I’ll close with a reference to the book of Revelation. The book envisions faith communities (the ekklesias, or churches) that follow the Lamb in relation to the Roman Empire. Following the Lamb has to do with retaining a sense of over-againstness in relation to the idolatrous and unjust elements of life in the Empire. However, this over-againstness ultimately functions as part of their vocation to contribute to the transformation of Babylon to New Jerusalem—a transformation that heals the nations and their kings .

9 thoughts on “Dreher’s “Benedict Option”: Part 4—A Believers’ Church Alternative

  1. I don’t see the differences as important. Catholics may be more nostalgic towards history, but this doesn’t prevent agreements over the future.
    And engagement can take the form of “I help you to retreat from a world which doesn’t need you nor want you” – so there’s no reason to place retreat and engagement against each other.

    The greater problem of a “believers’ church” will be that Mennonism is widely seized by a particular class: pastors and professors which can’t speak for the whole and whose distance from both economies – self-sufficiency as well as small market economy – has them ideologically assimilate to clerks-of-the-state. Insofar they are rather inable to do anything for retreat and have to cope with the alternative of mere engagement (paid for by “donors” and often indirectly by state money).

  2. Many excellent points here, Ted, and a core message the resonates deeply within me. Your emphasis on Jesus-followers giving ourselves to the world as part of YHWH’s saving work is powerful and true. It’s what is missing from Rainer’s otherwise valid point.

    While you have raised important concerns about Dreher’s work, I think you have criticized his work more broadly that can be justified. In particular, this: “So, unlike Dreher’s portrayal of the Benedict Option that seems not to include a sense of witness and invitation to the wider world, the Believers’ Church option . . . ” I would love to see Dreher engage with a Believer’s Church theologian such as yourself, but expect such categorical criticism would foreclose that.

  3. Your description of the Believer’s church (in our case Mennonites) doesn’t sound familiar to the church in which I grew up. Yes, it is invitational and welcoming to new members but the Believer’s church that I would be familiar with understands that some sense of agreement on boundaries are necessary. We freely explain our beliefs and others are welcomed to come join with us if they can agree on our statements of faith. How can there be any community of faith where the boundaries of belief are not understood and agreed upon. Yes, this leads to the schismatic nature of Anabaptism. It is what it is. I still can’t understand why anyone would want to be part of a church community where they don’t agree with the basic statements of faith.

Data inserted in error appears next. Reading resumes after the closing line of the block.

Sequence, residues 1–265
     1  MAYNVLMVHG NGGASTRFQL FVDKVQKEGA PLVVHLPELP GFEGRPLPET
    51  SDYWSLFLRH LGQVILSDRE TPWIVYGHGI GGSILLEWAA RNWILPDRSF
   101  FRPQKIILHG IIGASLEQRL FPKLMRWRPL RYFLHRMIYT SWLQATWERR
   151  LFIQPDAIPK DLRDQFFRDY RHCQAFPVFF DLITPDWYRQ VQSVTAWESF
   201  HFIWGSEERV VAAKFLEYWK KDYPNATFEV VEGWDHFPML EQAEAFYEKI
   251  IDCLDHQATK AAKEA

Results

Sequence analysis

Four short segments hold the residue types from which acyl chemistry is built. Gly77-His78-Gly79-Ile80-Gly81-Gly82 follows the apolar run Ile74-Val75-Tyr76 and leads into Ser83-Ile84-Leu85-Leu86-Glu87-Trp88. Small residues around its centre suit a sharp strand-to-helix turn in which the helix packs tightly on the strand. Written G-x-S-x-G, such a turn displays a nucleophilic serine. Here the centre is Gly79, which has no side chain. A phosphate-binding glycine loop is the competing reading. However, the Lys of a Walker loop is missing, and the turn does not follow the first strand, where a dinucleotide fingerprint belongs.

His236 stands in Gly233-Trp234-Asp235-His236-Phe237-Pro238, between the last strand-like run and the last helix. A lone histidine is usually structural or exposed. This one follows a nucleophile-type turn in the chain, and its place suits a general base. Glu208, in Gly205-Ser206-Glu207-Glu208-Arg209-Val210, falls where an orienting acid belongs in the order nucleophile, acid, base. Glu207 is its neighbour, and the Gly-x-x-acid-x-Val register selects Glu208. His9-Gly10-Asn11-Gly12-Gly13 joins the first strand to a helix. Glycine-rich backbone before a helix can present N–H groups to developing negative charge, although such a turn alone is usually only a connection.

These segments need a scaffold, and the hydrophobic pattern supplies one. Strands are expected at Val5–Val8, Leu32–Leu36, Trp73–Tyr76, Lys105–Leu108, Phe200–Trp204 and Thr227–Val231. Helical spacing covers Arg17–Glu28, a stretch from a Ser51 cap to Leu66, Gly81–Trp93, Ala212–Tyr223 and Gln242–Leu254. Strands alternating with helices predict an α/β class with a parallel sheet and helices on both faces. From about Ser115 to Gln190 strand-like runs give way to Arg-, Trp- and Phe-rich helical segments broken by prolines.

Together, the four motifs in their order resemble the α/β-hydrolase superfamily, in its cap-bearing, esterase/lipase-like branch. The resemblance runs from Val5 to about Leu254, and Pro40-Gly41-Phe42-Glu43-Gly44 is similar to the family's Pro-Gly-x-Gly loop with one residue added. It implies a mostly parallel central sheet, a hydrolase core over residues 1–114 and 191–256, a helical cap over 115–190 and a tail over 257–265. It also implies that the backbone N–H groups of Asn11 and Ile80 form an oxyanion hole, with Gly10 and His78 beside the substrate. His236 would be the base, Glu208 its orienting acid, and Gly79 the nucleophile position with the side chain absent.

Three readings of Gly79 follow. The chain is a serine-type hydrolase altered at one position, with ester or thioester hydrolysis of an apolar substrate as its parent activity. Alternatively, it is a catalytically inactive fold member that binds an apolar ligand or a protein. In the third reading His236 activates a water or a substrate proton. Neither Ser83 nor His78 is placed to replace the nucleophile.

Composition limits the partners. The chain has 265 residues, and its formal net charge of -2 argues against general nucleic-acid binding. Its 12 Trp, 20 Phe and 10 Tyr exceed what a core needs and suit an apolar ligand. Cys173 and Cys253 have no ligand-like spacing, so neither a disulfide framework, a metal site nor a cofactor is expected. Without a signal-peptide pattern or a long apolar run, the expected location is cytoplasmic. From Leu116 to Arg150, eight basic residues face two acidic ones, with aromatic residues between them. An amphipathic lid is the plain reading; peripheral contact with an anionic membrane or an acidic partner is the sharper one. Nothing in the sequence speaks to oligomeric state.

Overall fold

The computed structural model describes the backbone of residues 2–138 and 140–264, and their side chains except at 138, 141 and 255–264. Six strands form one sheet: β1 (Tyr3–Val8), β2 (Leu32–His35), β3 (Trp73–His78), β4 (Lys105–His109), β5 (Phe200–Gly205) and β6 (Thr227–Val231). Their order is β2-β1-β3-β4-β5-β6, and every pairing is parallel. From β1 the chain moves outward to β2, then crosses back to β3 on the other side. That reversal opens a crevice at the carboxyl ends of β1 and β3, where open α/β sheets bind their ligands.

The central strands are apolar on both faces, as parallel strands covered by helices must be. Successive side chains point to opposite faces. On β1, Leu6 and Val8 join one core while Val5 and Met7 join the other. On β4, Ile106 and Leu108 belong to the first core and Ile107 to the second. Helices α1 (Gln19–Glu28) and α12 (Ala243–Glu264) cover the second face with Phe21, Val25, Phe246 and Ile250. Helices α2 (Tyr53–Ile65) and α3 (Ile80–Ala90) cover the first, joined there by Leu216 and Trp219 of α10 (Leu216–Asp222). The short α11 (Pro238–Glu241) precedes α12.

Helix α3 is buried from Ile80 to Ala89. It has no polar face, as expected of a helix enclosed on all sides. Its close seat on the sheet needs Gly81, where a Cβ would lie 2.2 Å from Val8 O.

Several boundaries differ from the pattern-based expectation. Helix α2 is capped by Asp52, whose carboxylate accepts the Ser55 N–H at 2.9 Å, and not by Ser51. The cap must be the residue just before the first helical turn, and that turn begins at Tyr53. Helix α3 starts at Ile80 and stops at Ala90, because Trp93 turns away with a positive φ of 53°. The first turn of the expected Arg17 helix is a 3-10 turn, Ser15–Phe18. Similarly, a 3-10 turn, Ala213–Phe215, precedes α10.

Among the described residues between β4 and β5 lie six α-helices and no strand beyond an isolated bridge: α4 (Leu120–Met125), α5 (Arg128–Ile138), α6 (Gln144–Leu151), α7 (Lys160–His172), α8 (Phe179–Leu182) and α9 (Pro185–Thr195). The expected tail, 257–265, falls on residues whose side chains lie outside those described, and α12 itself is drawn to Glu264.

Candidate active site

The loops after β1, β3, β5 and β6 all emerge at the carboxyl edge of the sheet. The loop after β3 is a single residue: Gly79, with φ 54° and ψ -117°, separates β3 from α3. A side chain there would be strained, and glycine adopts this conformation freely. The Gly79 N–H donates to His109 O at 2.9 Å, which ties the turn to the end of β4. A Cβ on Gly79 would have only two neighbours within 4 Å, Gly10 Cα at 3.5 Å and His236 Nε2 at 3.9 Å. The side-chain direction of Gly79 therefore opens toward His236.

4. It would also be disingenuous of you to suggest that you do not set boundaries of your own. They are just in different places than the more conservatives among us.

    1. Thanks Michael. I like Beck a lot and I agree that his Franciscan Option fits much better with the Believers’ Church Option—and both are vastly more reflective of the gospel than Dreher’s Benedict Option.

    2. Becks writes: “My argument is that a progressive BenOp will focus not on culture but upon cruciformity, spiritually forming cross-carrying followers of Jesus.” When pressed to speak less rhetorically, Beck says he is referring to the practice of hospitality and the imagery of Matthew 25.

      Setting the hospitality of Matthew 25 over against the spiritually formative work of “a cruciform culture” (to coin a phrase) serves no purpose except to rationalize the dismissal of Dreher’s book. So I assume that is the real agenda when such a either/or formula is used.

      Jesus understood his calling to be the renewal of a culture, “the lost sheep of Israel” (Matt. 10:6, 15:24). He invoked a specific tradition when he spoke in the synagogue in Nazareth and declared that henceforth, that tradition would become embodied in culture (Luke 4). Yes, he spent lots of time eating and drinking with sinners, but he did not live among the lepers.